JungMann's Profile

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Name of dish? Grilled Green Onions with Romesco Sauce?

He was probably in Catalonia eating calçots.

Aug 28, 2014
JungMann in Home Cooking

ISO a tasty Holstein Schnitzel?

Lederhosen is my recommendation. Blaue Gans also serves a chicken schnitzel a la Holstein.

Aug 28, 2014
JungMann in Manhattan
1

Are you a herb, spice and seasoning junkie?

I wouldn't say junkie, but I cook a fair amount of South Asian and Middle Eastern food which means I have an entire cabinet dedicated to spices and herbs. Now maybe I don't *need* to have Aleppo, Isot, Sichuan, whole red, ground red, black and white pepper, but it certainly does help to ensure I never have a dull meal at home.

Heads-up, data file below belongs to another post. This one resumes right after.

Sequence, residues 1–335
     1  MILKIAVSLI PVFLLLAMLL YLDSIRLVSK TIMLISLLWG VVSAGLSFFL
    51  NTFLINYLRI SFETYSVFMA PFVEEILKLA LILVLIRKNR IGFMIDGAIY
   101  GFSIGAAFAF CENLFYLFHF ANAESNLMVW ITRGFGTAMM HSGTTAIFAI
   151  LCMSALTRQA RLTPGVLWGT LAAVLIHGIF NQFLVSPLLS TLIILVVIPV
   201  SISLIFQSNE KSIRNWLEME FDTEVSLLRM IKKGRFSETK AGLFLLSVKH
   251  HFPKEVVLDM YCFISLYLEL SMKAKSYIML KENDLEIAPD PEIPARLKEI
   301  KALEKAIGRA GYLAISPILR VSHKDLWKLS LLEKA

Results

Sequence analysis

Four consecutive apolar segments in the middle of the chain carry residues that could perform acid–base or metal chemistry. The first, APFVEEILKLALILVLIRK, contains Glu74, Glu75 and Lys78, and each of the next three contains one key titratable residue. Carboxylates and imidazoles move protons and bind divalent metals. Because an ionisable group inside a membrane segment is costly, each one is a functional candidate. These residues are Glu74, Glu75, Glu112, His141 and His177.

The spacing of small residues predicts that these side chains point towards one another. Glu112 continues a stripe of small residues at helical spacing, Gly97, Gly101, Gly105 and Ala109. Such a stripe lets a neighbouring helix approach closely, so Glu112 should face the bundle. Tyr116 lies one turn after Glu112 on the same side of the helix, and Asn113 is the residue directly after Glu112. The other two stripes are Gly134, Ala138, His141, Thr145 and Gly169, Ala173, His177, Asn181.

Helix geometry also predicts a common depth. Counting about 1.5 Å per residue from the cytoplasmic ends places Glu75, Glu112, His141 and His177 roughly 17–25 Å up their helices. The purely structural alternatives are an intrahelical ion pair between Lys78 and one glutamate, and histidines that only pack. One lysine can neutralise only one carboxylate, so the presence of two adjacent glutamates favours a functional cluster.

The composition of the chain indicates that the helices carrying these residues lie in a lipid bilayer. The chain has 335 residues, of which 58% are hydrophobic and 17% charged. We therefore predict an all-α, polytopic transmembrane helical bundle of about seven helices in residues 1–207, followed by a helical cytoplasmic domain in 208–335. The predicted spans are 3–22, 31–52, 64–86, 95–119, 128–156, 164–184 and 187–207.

Aug 28, 2014
JungMann in General Topics

What's for Dinner #322 - the pre-Labor Day Weekend Edition [through August 30th, 2014]

My local farmers market. :) Pretty much anytime you see me post something interesting like squash blossoms, lambsquarters or vegetables with Hans Christian Andersen-like names, I scored it at the Union Square Greenmarket.

I really like <fill in chain> and I look forward to returning

Five Guys
Chik-fil-a
Tortas Frontera
I usually work one (or all) of the above into my itineraries when I travel. A much better indulgence than Auntie Anne's or an oversized bag of Combos from the Hudson News.

Aug 28, 2014
JungMann in Chains

What's for Dinner #322 - the pre-Labor Day Weekend Edition [through August 30th, 2014]